- Holding the bookkeeper/controller accountable. For more on this topic, see 5 Questions Every Owner Should Ask a Financial Controller and 3 Questions to Ask a Bookkeeper.
- Losing sleep because systems aren’t in place to catch errors or prevent fraud.
- Tired of making decisions in the dark.
- Unsure what metrics to watch or how to measure them.
- Financials are inaccurate, slow to be produced or not useful.
- Lack confidence in accuracy of reports.
- Bank and/or board are demanding better, more current reporting. For more on this topic, see our Board Meeting Packet.
- Have a gut feel on where opportunities for improvement lie, but need to validate it with data.
- Struggling to raise capital. You need to dial in your financial story but aren’t sure how.
- Asking the right questions of the wrong resource (current team can’t produce data to answer questions).
- Tired of headaches that come with attracting, retaining and/or managing finance personnel.
- Can’t afford the distraction of involvement in the day-to-day finance function.
- Desperate to refocus your time in areas other than finance.
- Want to maximize dividends to yourself (owner) while balancing the reinvestment required to drive growth.
- "Had it" with the lack of fundamental systems and controls to enable timely invoicing and faster collections.
- Always late in filing taxes because it’s such an enormous task to clean up finances from last year.
- Need to develop or refine your pricing or business model
Here is a how a CFO might help:
- Helping determining which metrics to watch and how to measure those KPIs.
- Strategic (financial) planning, developing a roadmap for growth, building value the market will reward.
- Gauging financial and operating performance, prioritizing when, where, and how to drive those changes
- Navigating (or - ideally - preventing) a cash crunch or providing general cash management and planning assistance.
- Developing and refining a soup-to-nuts accounting systems.
- Interpreting financials and coaching CEO on understanding and using them.
- Thinking through how to capitalize (e.g., debt, equity, cash flow), what makes sense based on the current circumstances, and how to a build financial story for stakeholders.
- Projections or budgeting.
- Help with board, investors, bank (or other stakeholder) reporting and communications.
Why Contracting for a Finance Team May be a Better Option Than CFO-Only
Contract CFO services offer a lot of value for the right company, but some CFO providers don't offer that service a la carte. Even if, to this point, you've only considered outsourcing the CFO role, give these full-service companies a look.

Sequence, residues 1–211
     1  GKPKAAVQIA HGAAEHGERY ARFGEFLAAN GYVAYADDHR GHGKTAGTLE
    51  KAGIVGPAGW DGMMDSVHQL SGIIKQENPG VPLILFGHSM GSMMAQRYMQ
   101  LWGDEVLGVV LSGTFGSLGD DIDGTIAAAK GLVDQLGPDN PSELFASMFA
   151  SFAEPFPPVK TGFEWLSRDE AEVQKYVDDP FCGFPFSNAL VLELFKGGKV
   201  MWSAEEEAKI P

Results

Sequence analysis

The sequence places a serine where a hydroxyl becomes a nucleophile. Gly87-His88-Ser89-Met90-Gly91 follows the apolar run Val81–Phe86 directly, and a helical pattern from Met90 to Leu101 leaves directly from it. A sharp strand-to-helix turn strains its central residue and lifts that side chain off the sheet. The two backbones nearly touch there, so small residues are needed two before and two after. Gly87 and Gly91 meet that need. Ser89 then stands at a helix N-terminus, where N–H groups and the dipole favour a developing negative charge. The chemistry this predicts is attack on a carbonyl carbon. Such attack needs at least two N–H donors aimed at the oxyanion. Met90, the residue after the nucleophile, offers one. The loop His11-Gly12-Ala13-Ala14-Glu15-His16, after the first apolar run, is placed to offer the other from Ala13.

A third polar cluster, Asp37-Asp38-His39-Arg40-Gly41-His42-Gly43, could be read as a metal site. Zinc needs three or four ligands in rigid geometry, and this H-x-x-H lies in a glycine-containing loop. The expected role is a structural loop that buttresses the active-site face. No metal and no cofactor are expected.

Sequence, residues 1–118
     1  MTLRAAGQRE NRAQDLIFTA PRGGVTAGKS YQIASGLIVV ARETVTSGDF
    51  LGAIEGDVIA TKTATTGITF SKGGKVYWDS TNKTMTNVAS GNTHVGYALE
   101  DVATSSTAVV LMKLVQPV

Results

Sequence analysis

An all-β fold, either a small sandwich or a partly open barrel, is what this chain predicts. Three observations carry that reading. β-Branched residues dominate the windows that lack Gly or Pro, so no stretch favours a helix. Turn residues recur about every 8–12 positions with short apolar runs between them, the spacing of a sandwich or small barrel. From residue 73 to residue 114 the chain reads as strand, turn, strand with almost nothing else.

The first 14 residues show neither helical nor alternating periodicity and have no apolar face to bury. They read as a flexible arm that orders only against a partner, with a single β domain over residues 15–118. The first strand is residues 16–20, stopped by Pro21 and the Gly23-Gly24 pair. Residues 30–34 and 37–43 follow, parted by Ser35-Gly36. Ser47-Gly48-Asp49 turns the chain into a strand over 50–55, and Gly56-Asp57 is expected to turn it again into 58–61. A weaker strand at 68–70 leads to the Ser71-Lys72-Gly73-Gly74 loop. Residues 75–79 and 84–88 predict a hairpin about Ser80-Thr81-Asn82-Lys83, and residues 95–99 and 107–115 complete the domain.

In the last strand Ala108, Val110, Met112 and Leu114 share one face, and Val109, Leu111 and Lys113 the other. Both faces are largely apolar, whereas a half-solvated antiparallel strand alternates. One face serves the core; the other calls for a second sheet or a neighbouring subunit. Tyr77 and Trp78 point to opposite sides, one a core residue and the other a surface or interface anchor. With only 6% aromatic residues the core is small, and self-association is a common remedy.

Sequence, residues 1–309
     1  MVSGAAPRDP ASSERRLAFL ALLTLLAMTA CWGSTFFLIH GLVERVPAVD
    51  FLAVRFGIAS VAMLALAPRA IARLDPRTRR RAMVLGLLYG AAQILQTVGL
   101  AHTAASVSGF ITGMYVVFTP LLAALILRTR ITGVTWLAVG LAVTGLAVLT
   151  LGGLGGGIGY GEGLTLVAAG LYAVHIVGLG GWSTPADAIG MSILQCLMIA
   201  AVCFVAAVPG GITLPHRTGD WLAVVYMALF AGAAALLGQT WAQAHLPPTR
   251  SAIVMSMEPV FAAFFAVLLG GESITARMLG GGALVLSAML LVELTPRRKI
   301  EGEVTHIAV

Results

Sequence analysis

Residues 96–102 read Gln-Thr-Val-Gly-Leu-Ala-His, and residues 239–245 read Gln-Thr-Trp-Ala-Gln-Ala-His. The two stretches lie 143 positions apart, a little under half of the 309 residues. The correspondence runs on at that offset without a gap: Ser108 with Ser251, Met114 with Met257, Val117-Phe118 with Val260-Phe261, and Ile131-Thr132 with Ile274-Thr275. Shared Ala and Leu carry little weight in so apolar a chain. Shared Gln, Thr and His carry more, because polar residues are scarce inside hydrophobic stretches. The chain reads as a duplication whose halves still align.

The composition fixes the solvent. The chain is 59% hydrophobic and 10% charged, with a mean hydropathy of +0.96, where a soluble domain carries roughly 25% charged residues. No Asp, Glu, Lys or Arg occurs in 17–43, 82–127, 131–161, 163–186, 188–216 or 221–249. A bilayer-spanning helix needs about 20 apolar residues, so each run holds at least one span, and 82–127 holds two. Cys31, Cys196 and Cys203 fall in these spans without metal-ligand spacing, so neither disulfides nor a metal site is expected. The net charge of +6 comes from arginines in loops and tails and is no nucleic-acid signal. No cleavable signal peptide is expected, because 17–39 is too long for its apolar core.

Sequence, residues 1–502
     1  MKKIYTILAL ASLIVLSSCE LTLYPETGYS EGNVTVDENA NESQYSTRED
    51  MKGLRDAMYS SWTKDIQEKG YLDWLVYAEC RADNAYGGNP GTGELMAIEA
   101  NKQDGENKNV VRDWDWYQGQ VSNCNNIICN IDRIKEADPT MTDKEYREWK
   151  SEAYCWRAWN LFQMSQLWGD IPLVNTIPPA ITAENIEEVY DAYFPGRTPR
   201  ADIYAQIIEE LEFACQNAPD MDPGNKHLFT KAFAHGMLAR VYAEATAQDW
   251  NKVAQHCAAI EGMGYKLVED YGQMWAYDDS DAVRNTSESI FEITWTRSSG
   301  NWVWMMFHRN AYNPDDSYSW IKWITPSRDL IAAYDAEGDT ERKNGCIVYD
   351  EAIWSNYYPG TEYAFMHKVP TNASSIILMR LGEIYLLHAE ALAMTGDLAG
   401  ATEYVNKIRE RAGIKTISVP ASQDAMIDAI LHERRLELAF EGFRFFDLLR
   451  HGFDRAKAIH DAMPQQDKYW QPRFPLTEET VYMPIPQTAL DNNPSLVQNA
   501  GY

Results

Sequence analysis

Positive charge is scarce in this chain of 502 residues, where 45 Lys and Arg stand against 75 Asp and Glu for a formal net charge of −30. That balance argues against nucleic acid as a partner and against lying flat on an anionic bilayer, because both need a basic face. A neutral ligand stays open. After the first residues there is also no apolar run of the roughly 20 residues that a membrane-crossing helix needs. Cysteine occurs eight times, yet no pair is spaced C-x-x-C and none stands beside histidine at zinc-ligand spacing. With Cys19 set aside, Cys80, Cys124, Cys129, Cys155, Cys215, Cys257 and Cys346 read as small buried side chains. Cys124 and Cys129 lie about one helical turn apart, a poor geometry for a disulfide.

By bundling their CFO service with bookkeeping and controller services, these outsourced finance teams provide value which you may not have considered:
- Cost: Paying for a CFO service a la carte costs more (when you factor in cost of bookkeeper and controller as well) than an integrated, full suite of services. Each time the CFO engages (e.g., on a weekly, monthly, or quarterly basis) he/she needs to screen for errors, and possibly generate and reformat reports. That can be an expensive allocation of time which is eliminated with the integrated model.
- Efficiency: An a la carte CFO doesn’t manage the finance team or the accounting process. With an integrated team, everything about the entire accounting system has been designed by the CFO who oversees it all. As a result, the system has been designed to tee up exactly what insights the CFO needs when needed by much lower cost resources. You only pay for truly value-added time.
- Additional benefits: With an integrated finance team, quality of insights may be better. The integrated team members all pull in the same direction and have the same mindset, so insights come from every level. Insights are delivered when you need them. For the reasons stated above, you can grab insights and go. Communication is improved. The integrated team uses the same terminology, and there is a clear segregation of duties, so balls are less likely to be dropped. Friction is avoided. With an outsourced finance team, you don't see tension when the bookkeeper and controller don’t get along with the a la carte CFO. A la carte CFO’s often don’t know the debit and credit detail and can’t guide the bookkeeper to get the accounting plumbing to work to produce the reports they want.